Square CFO Amrita Ahuja breaks down the company’s long-term growth strategy and how it positions itself for success

Amrita Ahuja, Square's chief financial officer
Amrita Ahuja, Square’s chief financial officer

  • Square, a digital payments company, is expanding its narrative to include businesses of all sizes. 
  • CFO Amrita Ahuja told Insider about how cryptocurrency is influencing Square’s financial growth.
  • This article is part of the “CFO Project: Future of Finance” series that drills down on what’s on the agendas of some of today’s most influential financial executives. 

Square, which recently changed its name to Block, equips sellers with tools including point-of-sale systems, marketing capabilities, banking solutions, payroll functionalities, and physical hardware. 

The digital payments company led by Jack Dorsey, who recently stepped down as Twitter’s CEO, reported a gross profit of $1.13 billion in the third quarter, while its Cash App offering generated $512 million. 

Though revenue growth slowed from past quarters, the company nearly doubled its payments in Q3 — $15.5 billion — for businesses with more than $500,000 in annual sales. Previously, small businesses with annual payment sales of less than $125,000 outperformed these larger sellers. 

This is positive news for Chief Financial Officer Amrita Ahuja. Square has been appealing for smaller businesses, but Ahuja told Insider she’d worked to expand its narrative: It wants to support small and large businesses alike with not only payments but software and integrated solutions, hardware, and financial services. Ahuja said that explaining its rapidly growing Cash App to people was also key to its messaging. 

Previously, Ahuja was the chief financial officer of Blizzard Entertainment, where she focused on the intersection of digital media and video-game publishing. Ahuja told The Wall Street Journal this year that she became excited about Square because of its impact on small-business owners like her parents, who had immigrated from India and owned a day-care center in a Cleveland suburb.  

Square’s earnings report said it ended the third quarter “with $7.4 billion in available liquidity, with $6.9 billion in cash, cash equivalents, restricted cash, and investments in marketable debt securities, as well as $500 million available to be withdrawn from our revolving credit facility.”

Ahuja said this financial statement put Square in a position for long-term success. 

“We believe we have a strong balance sheet that affords us the flexibility to invest for the long-term both organically and opportunistically inorganically, and we expect our balance sheet to grow over time,” she said. 

Ahuja said Square’s investments tended to be long-term ones. While it’s willing to adapt, the company has a strong belief that investing over long periods will show the strongest returns, she said.

“As we measure effectiveness of those investments, we think about compelling unit economics and about efficiency in returns on those investments across product development, sales and marketing, and customer operations,” she said.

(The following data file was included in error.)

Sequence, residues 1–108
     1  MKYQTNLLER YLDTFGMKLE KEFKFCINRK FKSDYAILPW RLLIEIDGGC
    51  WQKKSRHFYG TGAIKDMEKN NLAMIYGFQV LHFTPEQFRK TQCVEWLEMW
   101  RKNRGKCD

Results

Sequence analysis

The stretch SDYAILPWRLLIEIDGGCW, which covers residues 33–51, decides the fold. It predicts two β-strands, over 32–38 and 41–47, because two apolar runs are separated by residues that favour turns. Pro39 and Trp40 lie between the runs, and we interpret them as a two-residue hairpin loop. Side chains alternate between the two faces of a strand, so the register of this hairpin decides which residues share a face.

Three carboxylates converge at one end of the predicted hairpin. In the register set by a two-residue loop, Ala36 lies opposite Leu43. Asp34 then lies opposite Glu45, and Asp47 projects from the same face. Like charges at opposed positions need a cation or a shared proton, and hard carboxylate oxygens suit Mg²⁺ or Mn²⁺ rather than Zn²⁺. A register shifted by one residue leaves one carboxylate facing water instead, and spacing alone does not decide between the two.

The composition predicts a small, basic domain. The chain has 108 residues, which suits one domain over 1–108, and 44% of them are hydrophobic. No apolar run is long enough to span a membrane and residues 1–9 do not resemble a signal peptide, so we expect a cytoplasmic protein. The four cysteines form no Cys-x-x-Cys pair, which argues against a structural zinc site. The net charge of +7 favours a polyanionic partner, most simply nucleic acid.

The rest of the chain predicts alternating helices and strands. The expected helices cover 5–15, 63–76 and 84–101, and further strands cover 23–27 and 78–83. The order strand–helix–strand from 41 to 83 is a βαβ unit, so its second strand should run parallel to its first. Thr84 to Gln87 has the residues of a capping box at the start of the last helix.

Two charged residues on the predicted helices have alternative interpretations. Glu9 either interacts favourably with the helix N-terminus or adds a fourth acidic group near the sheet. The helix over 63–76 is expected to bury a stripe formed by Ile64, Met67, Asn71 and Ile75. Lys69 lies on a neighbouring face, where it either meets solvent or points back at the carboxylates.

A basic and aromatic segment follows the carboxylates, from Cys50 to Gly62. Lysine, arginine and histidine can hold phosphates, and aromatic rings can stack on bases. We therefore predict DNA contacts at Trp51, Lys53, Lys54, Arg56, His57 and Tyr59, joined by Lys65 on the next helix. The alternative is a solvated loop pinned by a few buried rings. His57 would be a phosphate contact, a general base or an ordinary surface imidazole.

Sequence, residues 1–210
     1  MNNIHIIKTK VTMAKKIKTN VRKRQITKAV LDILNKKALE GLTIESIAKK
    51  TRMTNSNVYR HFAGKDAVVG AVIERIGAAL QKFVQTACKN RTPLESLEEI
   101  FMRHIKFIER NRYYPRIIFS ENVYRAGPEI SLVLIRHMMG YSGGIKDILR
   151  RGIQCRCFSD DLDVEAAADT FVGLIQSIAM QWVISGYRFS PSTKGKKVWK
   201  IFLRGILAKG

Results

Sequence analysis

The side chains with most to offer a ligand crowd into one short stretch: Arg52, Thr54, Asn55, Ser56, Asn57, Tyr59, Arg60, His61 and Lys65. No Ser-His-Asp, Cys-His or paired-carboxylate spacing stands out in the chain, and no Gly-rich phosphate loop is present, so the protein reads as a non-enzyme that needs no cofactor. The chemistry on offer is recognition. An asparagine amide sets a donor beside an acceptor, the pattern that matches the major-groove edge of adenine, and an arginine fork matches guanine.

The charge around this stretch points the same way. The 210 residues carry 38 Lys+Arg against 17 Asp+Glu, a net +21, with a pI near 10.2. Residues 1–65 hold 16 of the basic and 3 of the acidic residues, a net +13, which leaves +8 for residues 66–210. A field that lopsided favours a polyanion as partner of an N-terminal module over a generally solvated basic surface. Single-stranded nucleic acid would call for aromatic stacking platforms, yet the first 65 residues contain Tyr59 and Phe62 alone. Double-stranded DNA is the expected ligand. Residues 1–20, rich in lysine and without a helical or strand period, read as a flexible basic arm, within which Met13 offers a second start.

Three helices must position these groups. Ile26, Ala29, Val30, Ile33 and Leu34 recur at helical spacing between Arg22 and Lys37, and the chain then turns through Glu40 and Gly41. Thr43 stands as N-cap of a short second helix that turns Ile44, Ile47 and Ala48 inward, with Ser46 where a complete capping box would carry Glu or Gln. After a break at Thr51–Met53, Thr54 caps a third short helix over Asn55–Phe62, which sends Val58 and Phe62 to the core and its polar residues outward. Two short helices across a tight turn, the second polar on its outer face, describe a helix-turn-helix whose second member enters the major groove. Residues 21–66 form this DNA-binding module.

Ahuja said she believes artificial intelligence/machine learning and cryptocurrency and blockchain technology will disrupt commerce and other fields in the future. 

Ahuja said AI and machine learning would help companies like Square launch products in industries that were otherwise restricted because of a lack of technology or inadequate risk models. These new capabilities, she said, could open the funnel and provide more people access to automation tools.

“AI/ML will enable companies and their employees to be more efficient — the potential to quadruple revenues while only doubling employees,” she said. 

And Ahuja said she believes that while crypto will perhaps initially be used as an asset like gold, it will act more as a currency in the future. “The verifiability, transparency and independence of blockchain technology and cryptocurrency will be disruptive,” she said. 

Ahuja said that she wanted Square to build skills in both of these areas and have a strong understanding of their capabilities. 

One way Square is staying ahead of the curve is through investments in its newest business unit, called TBD, which is focused on building a decentralized, open platform to exchange bitcoin. This is in addition to the development of Square’s hardware wallet, a product that Square says will normalize bitcoin storage. It’s also said to be considering developing a bitcoin mining system to help make mining more accessible. 

According to Bitcoin Treasuries, Square held about 8,000 bitcoins valued at about $376 million as of Tuesday.

To further solidify its place in the cryptocurrency industry, Square has committed $10 million through its Bitcoin Clean Energy Investment Initiative to support a more sustainable bitcoin ecosystem, Ahuja said. 

The Cambridge Bitcoin Electricity Consumption Index has estimated that the cryptocurrency uses more energy than nations like Sweden, Insider reported earlier this year. A Bloomberg report in July estimated that bitcoin-mining machines worldwide used the same amount of power as Bangladesh.

“We hope this initiative accelerates the transition of the entire blockchain to clean power rather than only removing the carbon for the bitcoin that Square processes,” Ahuja said. 

Read the original article on Business Insider